You were right that I had not seen that video before. Being able to transition to such a small target that accurately and quickly is extremely impressive and very motivating. It reminds me of a video I saw of Jerry Miculek shooting a grape with an AR from low ready in some blistering speed... The efficiency of movement and the controlled stop/timing of the shot is definitely going to be a focus of my dry fire for a while, and I'll report back as I gauge my progress and begin to figure out what my eyes are actually doing during my transitions. Until then, I'm going to enjoy reading this discussion play out!

  5. #45
    @JCN @Clusterfrack
    I wanted to update you guys on my very brief range session yesterday. It was cold and I wanted to conserve some ammo, but I did the 4-step test that you (JCN) suggested with shooting groups at various speeds occluded vs not occluded. Based on the results, I'm inclined to say that I don't actually have a true vision problem/abnormality, but that I instead just lined up my optic in front of the wrong eye while doing hard leans...

    I believe this, because my groups for occluded and non-occluded were almost the exact same. There was no apparent POA/POI shift in any of the scenarios from 5-7 yards, and all shots were either touching each other or were at least within an inch. I tried a few other tests, all with the optic occluded, just to see if I could replicate the problem I had at the match, but every shot was hitting exactly where I was aiming. I had an issue where my pasters absolutely would not stick to the target, so it was hard maintaining accountability for all my shots. Regardless, I spent around 100 rounds on Ben Stoeger's Doubles drill with the optic occluded from around 8 yards. My splits ranged from around .15 to .18 and I was mostly able to call my shots. Throughout the drill, my POI seemed to be holding properly.

    So basically, I just screwed up at the match. I still think it's strange that as soon as I took off the occlusion I started hitting where I saw the dot, though I didn't seem to have any problems with the occluded dot yesterday. I guess more experimenting is in order, particularly with hard leans.

  6. #46
    Oh Dremel, Dremel, Dremel JCN's Avatar
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    @Q5shooter sometimes in rain or when pasters donít stick Iíll staple brown index cards over the group, kind of like replacing the center on a distance rifle target.

    I carry a bunch of different sized brown paper rectangles in the trunk to use as scaled targets and transitions when Iím lane limited at a structured range.

    Iím not so sure I buy the explanation of using the wrong eye during a lean because with an occluded dot I would think that would be very noticeable.

    I wonder if itís something to do with what you did with your zero at the match.

    Typically people donít change their zero when changing from dot open to dot occluded (and cluster was saying you did for the match).

    The other thing buried in the discussion or maybe it was in texts to Cluster but as context:

    For me, Iím pretty much using my dominant (right) eye to see the target and to pick up the dot and to track. The left eye is just there to place the target in space while moving to help triangulate.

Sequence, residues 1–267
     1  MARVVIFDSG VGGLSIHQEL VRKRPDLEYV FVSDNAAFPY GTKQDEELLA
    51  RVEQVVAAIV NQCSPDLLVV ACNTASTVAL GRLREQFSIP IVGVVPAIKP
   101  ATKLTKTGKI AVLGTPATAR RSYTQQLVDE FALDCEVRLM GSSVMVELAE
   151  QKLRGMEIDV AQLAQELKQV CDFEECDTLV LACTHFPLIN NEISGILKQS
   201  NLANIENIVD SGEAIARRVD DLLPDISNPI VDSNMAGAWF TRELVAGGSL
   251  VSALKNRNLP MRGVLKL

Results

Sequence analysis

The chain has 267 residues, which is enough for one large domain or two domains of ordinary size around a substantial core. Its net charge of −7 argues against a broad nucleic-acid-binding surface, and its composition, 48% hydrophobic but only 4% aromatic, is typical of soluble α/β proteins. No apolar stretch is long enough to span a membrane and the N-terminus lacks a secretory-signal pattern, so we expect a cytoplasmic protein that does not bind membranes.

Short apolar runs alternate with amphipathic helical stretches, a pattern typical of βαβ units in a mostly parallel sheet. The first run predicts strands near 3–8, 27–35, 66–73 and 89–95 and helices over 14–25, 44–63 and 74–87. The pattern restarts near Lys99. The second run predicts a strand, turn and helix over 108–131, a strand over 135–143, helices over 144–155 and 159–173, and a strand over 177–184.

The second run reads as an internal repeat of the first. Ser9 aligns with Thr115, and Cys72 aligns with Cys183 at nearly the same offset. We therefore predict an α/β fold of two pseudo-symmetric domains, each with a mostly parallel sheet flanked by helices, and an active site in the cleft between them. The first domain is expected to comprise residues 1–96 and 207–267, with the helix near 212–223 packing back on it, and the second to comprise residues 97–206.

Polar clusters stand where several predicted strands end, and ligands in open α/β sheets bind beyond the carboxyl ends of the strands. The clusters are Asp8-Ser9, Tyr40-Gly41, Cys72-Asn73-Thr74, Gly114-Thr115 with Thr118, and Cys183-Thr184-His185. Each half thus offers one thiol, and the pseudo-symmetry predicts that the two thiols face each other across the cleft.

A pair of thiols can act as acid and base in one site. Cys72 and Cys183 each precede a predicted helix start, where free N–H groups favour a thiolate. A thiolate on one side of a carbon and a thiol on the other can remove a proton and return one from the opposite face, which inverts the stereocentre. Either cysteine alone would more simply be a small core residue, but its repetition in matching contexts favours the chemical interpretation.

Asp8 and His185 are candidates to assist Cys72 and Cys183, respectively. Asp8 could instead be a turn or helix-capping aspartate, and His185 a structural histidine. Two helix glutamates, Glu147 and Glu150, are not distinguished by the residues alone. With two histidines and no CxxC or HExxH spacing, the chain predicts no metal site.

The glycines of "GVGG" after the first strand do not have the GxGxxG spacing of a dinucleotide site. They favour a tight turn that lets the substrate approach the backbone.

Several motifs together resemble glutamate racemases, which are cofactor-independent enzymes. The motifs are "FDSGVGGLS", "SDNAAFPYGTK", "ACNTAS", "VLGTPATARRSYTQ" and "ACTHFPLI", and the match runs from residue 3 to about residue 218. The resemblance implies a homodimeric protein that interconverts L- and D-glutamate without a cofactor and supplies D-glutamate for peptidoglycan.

So whatever the goal of dot occlusion (training the non-dominant eye to look at the target?) it doesnít apply to me.

    Basically even if I patch my left eye, I can shoot and transition about the same as both eyes open. The only place I suffer is if Iím moving or the target is moving and thats where depth perception and binocular vision come into play for me.
    Currently Iím still within the acceptable dickhead parameter of PF 2017+.

  7. #47
    @JCN That's a great idea about the brown paper and index cards, I'll have to pick some up before my next range trip. Also, as far as changing my zero, I think I changed it for a single stage, then changed it right back afterward, so I'm not sure how much of an impact it would have had beyond that one stage. In all honesty, I also think I have to be honest with myself and accept that Maybe the stress of being in a match after so long away caused some firing hand tension that caused me to miss so much. It feels strange to consider that as an option, since I had dry fired a decent bit the previous weeks and felt pretty good. I also know that firing hand tension for a righty more often than not causes rounds to go left, not right, which doesn't quite match up, but I'm still considering it a possibility.

    That's really interesting that you can shoot with the dot more or less the same with one eye patched as with both eyes open, except for when there's a moving element. I didn't get to do any moving and shooting this session, but that's something I'll throw into the mix next time. Regardless, since I don't seem to have too much trouble with being target focused (which, to my understanding, is the whole reason for running an occluded dot), there's no reason to risk running the dot occluded in live fire.

  8. #48
    I don't think one practice session is definitive. My issues with the occluded dot come and go, as phoria is not necessarily binary as in yes/no.
    Likes pretty much everything in every caliber.

  9. #49
    Oh Dremel, Dremel, Dremel JCN's Avatar
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    Quote Originally Posted by Q5shooter View Post
    That's really interesting that you can shoot with the dot more or less the same with one eye patched as with both eyes open, except for when there's a moving element. I didn't get to do any moving and shooting this session, but that's something I'll throw into the mix next time. Regardless, since I don't seem to have too much trouble with being target focused (which, to my understanding, is the whole reason for running an occluded dot), there's no reason to risk running the dot occluded in live fire.
    Agreed. Thereís also probably not much point in running the dot occluded in dry fire, eitherÖ
    Currently Iím still within the acceptable dickhead parameter of PF 2017+.

  10. #50
    Quote Originally Posted by GJM View Post

    Back to the SRO, a squad mate who is a lead red dot trainer for a major department, had his SRO occluded on the first stage. I meant to ask him, but didn't get the chance, how the department would feel about an occluded SRO on duty. The false SRO dot is such a problem, because rather than being splatter that you know is a problem, it is a single deceptive dot.
    If itís the guy I assume it is, I just asked him about it last night. He said heíd never run an SRO occluded on duty. He runs occluded for most of his training, dry-fire, and live fire. His philosophy for running it occluded at matches, is that he generally views a match as an extension of his training. If he was in the running for a win at nationals (just a hypothetical example), heíd run it un-occluded, same thing for working. The visual information for processing the bad guy is too important to run occluded. However, heís seen an improvement in true target focus with his vision by running occluded, and helps him diagnose when heís shifting focus. Or something like that. We donít have a policy on running occluded or not on duty, but thatís probably because thereís only a tiny handful that actually practice occluded anyways.